It’s one thing to plan a garden…plan a layout…craft a cookbook…
It’s quite another just to live your life, complete with the unknowns (which I have to say, I don’t leave a lot of space for…though you’d think by now, I would).
I had enough wiggle room in my day to spot check things I was to plant …even adding a little side joke to show Thurman I was keeping my wits about me.
Then, out of the blue…a strange dog wanders into my yard. She’s a coon hound of some sort…not a breed I’m familiar with. But she was clearly in search of respite. I’m told these dogs can roam for days, and I’m fairly certain she had been roaming for at least 3 or 4, as some strange activities happened last Friday that otherwise would’ve been best happening only if folks like me had been forewarned, which is to say “Country folk don’t hunt on strangers land at midnight without ticking off the neighborhood, triggering alarms and/or prompting folks to greet you with a gun.”
My neighbors were the first on the scene. After all, 3 coon dogs howling, having treed a squirrel, a possum or whatever…that’s annoying enough when your dog breed of choice is a Pyrenees, whose sole job is to protect goats from such varmints. But add the howling of three strange coon hounds barking incessantly and you've got a ruckus on your hands for sure.
It was a disturbing night all the way around not only for the dog sounds, but seeing truck headlights come down your drive at midnight does NOT a warm welcome make (unless you’ve called first and I'm expecting you). As for this man and his renegade hunting buddies, they must’ve recognized that some houses have alarms (and most neighbors have Smith & Wessons), for they backed off (wise move) …way off when lights everywhere started going on.
I never heard from the dogs or the dudes again. (Again, as a matter of Southern protocol…driving down a drive you don’t know at midnight will get you arrested, if not killed…Not great judgment on behalf of the person I’m about to introduce you to next.)
Being the dog-lovin’ fool I am, what can I do but take her in? I remove her collar from her bleeding neck. And I feed her the same meat scraps and Pedigree combo I feed my own, after which, she’s pretty much never gonna leave (I suspect, hoping to make this her new home).
And if it were a matter of love alone, I would’ve adopted the dog my Facebook friends named “Karma”... After all, what are the karmic odds, this rib-showin', stressed out, collar-choked dog would wind up at My place of all places…just about the time I’m cooking up bones and handing out Goodwill toys for my own pups. I mean, seriously. I’m pretty certain hunting dogs seldom experience this kind of hospitality.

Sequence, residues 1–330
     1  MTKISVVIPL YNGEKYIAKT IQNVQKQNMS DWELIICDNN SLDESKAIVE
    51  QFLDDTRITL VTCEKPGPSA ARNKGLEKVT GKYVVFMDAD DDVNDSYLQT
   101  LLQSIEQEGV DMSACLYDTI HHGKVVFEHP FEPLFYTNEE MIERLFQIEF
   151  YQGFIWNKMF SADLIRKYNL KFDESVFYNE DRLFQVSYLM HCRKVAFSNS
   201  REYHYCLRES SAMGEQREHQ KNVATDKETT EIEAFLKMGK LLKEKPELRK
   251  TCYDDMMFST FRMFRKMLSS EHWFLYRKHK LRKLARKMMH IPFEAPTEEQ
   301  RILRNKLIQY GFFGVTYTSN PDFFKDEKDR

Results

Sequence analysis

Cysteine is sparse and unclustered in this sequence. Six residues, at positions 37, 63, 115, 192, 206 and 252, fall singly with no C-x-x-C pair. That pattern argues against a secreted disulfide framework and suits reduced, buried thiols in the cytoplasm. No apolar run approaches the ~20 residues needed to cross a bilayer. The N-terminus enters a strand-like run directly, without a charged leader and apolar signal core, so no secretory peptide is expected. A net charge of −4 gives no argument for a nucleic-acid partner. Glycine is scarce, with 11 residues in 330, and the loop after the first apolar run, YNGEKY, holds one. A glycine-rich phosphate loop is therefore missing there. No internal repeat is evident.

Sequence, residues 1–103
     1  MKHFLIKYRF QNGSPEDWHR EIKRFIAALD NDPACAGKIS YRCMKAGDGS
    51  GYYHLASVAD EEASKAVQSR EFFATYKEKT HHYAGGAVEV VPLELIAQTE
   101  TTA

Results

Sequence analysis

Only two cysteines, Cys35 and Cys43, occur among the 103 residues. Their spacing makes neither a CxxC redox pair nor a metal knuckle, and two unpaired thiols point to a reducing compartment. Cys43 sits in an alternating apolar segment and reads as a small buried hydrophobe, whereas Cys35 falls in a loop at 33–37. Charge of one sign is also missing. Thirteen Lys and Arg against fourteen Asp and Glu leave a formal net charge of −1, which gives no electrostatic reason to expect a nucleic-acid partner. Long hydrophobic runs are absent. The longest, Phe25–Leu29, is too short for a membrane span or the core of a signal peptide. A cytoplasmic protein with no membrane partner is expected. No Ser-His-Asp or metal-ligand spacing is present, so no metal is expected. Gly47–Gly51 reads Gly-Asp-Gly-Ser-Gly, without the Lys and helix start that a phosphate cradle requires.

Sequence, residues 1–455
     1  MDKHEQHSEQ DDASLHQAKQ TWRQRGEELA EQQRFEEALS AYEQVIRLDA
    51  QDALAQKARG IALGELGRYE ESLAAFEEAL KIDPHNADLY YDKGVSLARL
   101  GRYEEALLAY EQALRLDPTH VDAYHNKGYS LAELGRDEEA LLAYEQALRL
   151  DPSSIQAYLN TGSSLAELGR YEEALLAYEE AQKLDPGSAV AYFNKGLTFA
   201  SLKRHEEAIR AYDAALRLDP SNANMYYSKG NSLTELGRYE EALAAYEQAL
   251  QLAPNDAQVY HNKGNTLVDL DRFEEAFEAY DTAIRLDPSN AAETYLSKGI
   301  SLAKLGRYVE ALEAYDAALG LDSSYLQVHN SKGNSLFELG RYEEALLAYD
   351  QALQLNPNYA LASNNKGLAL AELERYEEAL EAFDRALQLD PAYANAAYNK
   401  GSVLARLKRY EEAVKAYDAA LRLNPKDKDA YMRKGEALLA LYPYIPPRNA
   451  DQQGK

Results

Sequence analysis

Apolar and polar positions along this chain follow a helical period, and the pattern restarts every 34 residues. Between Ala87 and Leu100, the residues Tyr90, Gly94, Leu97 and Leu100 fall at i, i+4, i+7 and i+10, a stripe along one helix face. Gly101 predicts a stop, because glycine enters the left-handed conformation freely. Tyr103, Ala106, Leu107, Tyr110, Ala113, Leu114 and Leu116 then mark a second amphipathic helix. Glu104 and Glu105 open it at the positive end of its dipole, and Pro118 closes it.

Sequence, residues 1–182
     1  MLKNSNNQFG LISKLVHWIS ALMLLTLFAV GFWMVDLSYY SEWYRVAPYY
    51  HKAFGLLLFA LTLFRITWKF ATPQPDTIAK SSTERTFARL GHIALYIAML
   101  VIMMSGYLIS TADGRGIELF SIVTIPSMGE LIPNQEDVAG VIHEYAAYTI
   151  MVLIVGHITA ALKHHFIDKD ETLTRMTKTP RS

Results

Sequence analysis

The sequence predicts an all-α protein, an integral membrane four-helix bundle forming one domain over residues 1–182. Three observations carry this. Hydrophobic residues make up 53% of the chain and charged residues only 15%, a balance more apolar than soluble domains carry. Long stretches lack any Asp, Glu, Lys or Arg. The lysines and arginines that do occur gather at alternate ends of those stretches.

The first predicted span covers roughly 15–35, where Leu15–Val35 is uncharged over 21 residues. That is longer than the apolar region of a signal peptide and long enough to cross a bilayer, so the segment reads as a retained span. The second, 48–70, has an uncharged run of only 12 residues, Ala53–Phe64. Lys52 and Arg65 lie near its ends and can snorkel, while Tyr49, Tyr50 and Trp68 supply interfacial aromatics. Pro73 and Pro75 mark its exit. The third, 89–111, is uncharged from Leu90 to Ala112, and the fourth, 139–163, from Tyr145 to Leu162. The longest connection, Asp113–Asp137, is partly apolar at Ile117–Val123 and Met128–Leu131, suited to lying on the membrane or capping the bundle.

“Karma” sweet dog…is a very thin dog. A pic or two posted on Facebook and I’m encouraged to forget her owner. This dog looks abused. Then again, last I’d heard a coon dog in my yard, was 4 days ago. I suspect her owner found the others, and left behind the one. That this one left behind had ribs showing …well, it made for a ton of Facebook speculation…(But what do I know about hunting dogs?)
By the end of the day, prompted only by what I’d want someone else to do were it MY dog that got away, I fed the dog; hugged the dog; treated the dog’s hot spots; removed the dog’s collar (with no name plate, btw…no chip either). In short, I did for this dog anything and everything I’d want done for my own were the situation in reverse, after all, these things happen. All I knew to do was to love this dog, and post a few notices so that whoever she belonged to, would know she was in good keeping.
But for all the love, I couldn’t put Karma in the pen with my others…For dogs that hunt small prey are not to be trusted with small goats. Furthermore, as feisty as Karma was, I feared for her own demise if tossed in with a protective Pyr the likes of TJ.
So I left Karma outside…minus her collar…and aware of the situation. If Karma left, Karma left. Not to be a bad dog person, but I had several of my own to protect. (Turns out, if you want a hunting dog to stick around, just feed it and give it a toy. Karma never looked more peaceful than when I went to check on her before going to bed.)
By morning, I looked out and saw Karma…nestled in a big ol bale of goat hay. She’d bedded down for the night with her eye ever watchful on the front door. She tried to convince first Rosey, the TJ, then Minsky (bad move) that she was my new # 1 dog. No one was buying it. Instead, they tolerated Karma. They didn’t mind that Karma got fed. But they were not buying for one second that Karma had come to replace them, and in truth, she had not. I just needed to find Karma’s more karmic path (if you know what I mean).
A few Facebook posts and “Lost and Found” ads later, and I soon heard from Karma’s owner. (At least I think he was her owner…Ironically, he showed up in a truck marked “Animal Control” license tags for which I did document.) Bottom line (according to him) “Karma” was a new purchase…A full blooded …some-sort of hound with papers. He’d just bought her (i.e. paid good money) only to find her even more emaciated that when I spotted her yesterday (a status I find hard to fathom).
But as I end this day all I can say is “Karma” is a very real thing. Best to play it safe. Invest in it. Assume it real. When it comes to innocent lives like hers, I know no other way.